Museums have the skills, knowledge and tools to provide education to a wide range of ages and communities. With coronavirus forcing many to stay indoors and out of school, museums are now turning to the internet to continue this key service.
Museums, art galleries and other cultural institutions around the world are providing a huge range of educational resources online for free during the coronavirus pandemic, and beyond. Here are some examples of what is on offer, for both children and adults. This shows how museums can support visitors beyond their four walls.
We’ve also looked at some resources and information for museums wanting to set up their own digital learning projects.
Museum education for children during the coronavirus pandemic
With schools in several countries closed to stop the spread of coronavirus, children across the world are learning from home. To give parents and carers a helping hand during the coronavirus crisis, museums are promoting their existing home education resources, or creating new ones.
Field Museum – The Brain Scoop
Chicago’s Field Museum hosts an educational YouTube channel called The Brain Scoop. This is hosted by its Chief Curiosity Correspondent, Emily Graslie. Videos on The Brain Scoop explore the world of natural history, both within the museum and its collection and further afield.
Topics include what museums should do with their dead, venoms vs. poisons and cooking with bugs.
Adler Planetarium – Let’s Do Science
For at-home science lessons, the Adler Planetarium in Chicago provides a YouTube channel filled with fascinating experiments. These only need household materials and are easy to replicate at home. They are created specifically for families and educators. The videos introduce scientific concepts and engage young people in STEM subjects.
The channel features topics such as how to make your own lava lamp and how to float an egg.
The Roald Dahl Museum – Things to Do Indoors
The Roald Dahl Museum in Great Missenden, UK, is dedicated to the much-loved children’s author, famed for his vivid imaginary worlds. During the coronavirus outbreak, the museum has turned to its website to offer education, as well as some fun too.
Visitors to the site can find out how to repeat some easy experiments at home. For example, how to build a volcano, and how to pop a balloon. There are also resources for educators available, with lesson plans that parents or teachers can use. These are based on Roald Dahl’s popular stories such as Matilda and Fantastic Mr Fox.
The Tate – Tate Kids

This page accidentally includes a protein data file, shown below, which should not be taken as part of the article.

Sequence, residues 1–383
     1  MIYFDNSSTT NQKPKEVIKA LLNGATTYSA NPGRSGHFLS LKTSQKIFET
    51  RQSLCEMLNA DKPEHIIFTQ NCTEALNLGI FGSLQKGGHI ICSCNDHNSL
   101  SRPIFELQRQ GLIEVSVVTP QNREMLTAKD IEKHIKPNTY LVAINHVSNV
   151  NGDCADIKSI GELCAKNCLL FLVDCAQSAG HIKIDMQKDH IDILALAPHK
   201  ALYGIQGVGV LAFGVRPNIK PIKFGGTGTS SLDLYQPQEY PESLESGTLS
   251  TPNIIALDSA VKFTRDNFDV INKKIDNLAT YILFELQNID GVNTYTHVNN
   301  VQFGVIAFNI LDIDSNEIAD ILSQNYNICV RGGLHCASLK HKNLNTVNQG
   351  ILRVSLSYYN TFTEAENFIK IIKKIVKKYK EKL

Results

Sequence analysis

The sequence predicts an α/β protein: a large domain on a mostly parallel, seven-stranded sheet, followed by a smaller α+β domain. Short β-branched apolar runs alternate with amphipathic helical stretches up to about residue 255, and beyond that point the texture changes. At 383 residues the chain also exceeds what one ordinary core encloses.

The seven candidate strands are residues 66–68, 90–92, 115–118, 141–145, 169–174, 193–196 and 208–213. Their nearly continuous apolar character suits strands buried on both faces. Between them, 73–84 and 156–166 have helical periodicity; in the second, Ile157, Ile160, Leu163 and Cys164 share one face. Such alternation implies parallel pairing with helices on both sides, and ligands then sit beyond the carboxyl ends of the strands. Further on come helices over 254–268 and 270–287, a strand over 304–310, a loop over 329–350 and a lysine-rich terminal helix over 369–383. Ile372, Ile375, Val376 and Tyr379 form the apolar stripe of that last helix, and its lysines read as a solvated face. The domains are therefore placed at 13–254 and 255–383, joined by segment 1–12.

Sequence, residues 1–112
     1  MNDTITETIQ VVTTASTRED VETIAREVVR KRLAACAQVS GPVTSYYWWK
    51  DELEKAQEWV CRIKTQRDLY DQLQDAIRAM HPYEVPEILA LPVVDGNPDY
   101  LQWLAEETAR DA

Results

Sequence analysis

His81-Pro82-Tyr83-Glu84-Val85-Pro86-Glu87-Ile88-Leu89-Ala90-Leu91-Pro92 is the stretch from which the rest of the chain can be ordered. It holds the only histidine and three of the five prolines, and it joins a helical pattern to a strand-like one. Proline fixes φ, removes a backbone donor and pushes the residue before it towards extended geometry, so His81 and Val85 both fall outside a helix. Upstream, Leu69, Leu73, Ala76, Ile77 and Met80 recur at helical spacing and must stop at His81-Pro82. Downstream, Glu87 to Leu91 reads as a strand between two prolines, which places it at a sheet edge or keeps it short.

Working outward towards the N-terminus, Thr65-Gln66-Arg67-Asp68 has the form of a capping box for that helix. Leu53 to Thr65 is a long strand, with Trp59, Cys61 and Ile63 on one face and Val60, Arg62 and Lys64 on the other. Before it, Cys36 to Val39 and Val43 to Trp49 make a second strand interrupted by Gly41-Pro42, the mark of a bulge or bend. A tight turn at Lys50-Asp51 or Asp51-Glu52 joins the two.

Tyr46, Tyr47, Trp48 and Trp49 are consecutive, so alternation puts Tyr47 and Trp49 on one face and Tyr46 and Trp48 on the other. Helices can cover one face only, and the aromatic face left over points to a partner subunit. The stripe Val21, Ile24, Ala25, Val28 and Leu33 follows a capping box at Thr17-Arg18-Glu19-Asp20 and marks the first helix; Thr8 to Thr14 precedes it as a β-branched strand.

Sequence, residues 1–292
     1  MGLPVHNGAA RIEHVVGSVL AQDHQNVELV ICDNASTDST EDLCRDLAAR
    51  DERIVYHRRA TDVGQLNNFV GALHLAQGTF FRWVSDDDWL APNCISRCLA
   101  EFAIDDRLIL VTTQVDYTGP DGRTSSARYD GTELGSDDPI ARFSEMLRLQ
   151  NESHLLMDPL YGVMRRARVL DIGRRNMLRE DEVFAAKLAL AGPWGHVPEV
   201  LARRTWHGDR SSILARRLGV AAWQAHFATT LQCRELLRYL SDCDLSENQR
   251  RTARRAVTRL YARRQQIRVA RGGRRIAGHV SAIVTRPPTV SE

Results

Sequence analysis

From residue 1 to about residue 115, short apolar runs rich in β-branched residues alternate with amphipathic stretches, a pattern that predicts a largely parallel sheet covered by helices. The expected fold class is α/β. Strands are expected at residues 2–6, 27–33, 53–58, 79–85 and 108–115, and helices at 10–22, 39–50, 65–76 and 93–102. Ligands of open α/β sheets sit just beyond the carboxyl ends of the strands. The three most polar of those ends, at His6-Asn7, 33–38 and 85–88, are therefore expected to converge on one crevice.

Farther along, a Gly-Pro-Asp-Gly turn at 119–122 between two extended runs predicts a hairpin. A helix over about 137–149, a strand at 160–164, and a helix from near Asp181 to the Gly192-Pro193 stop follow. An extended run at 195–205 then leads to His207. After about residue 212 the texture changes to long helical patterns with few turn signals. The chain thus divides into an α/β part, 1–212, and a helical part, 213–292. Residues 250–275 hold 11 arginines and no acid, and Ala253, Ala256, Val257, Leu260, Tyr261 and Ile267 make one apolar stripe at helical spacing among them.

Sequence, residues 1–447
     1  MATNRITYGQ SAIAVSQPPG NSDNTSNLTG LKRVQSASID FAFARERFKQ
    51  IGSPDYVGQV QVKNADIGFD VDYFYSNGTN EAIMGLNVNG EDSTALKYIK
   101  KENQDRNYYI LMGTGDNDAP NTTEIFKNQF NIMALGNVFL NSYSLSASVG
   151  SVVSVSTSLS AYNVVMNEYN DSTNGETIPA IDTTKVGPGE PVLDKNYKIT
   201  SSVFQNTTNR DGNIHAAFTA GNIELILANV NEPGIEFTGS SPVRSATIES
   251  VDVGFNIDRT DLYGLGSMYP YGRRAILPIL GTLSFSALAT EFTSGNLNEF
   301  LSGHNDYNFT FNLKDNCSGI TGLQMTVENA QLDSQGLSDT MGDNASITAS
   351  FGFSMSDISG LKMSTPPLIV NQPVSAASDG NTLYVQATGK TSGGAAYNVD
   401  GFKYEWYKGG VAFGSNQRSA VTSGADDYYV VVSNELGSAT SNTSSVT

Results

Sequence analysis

London’s Tate Museum has a dedicated part of its website for children and young people, called Tate Kids. This includes fun activities such as games, quizzes and crafts. In addition, it also provides easy to understand insights into the world of art.
— Tate Kids (@tate_kids) March 17, 2020
For example, visitors to the site can read an introduction to the Impressionist movement, with videos, examples and links to find out more about key painters of the time. Each page leads to connected painters and topics, allowing kids to continue exploring and learning.
Museum education for adults during the coronavirus crisis
While children are learning at home, many adults have also found themselves with time on their hands and the desire to learn something new. There is a wide variety of online museum education available for adults too.
The Museum of Modern Art – MoMA learning
The Museum of Modern Art in New York provides a treasure trove of educational resources through MoMA Learning, which is ideal for those wanting to discover something new during the coronavirus pandemic.
📅This week, we’re asking you to Draw with Anything!✏️
Wednesday’s challenge: Draw movement! Choose a music video or recording of a dance performance.🕺Every few seconds, pause it & sketch the dancer, focusing on lines & shapes💃
— MoMA Learning (@MoMAlearning) April 22, 2020
This includes slideshows, films, worksheets, questions and more. For example, visitors can learn about minimalism, conceptual art, expressionism and more. The museum also offers full courses through Coursera.
The Smithsonian Institution – Smithsonian Learning Lab
The Smithsonian Learning Lab is a comprehensive collection of resources from the world’s largest museum, education, and research complex. The site is home to millions of Smithsonian digital images, recordings, texts, and videos.
Topics covered include history, art and culture, and the sciences. For instance, visitors to the Learning Lab can find out all about natural disasters, food, or women’s history. Users can even create their own collections on a topic they are interested in, drawing from the huge amount of material available.
The Yale Peabody Museum of Natural History – Peabody@Home
While many of these educational resources already existed before the coronavirus pandemic, The Peabody is one of the institutions that has stepped up to create something new as a result.